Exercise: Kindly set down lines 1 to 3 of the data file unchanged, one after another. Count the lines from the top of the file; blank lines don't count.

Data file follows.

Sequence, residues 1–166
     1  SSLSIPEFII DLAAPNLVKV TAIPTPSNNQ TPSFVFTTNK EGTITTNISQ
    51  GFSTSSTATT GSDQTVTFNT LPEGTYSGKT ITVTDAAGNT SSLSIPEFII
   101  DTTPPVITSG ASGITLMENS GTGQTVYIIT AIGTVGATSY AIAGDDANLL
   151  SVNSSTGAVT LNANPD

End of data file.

Sequence, residues 1–166
     1  SSLSIPEFII DLAAPNLVKV TAIPTPSNNQ TPSFVFTTNK EGTITTNISQ
    51  GFSTSSTATT GSDQTVTFNT LPEGTYSGKT ITVTDAAGNT SSLSIPEFII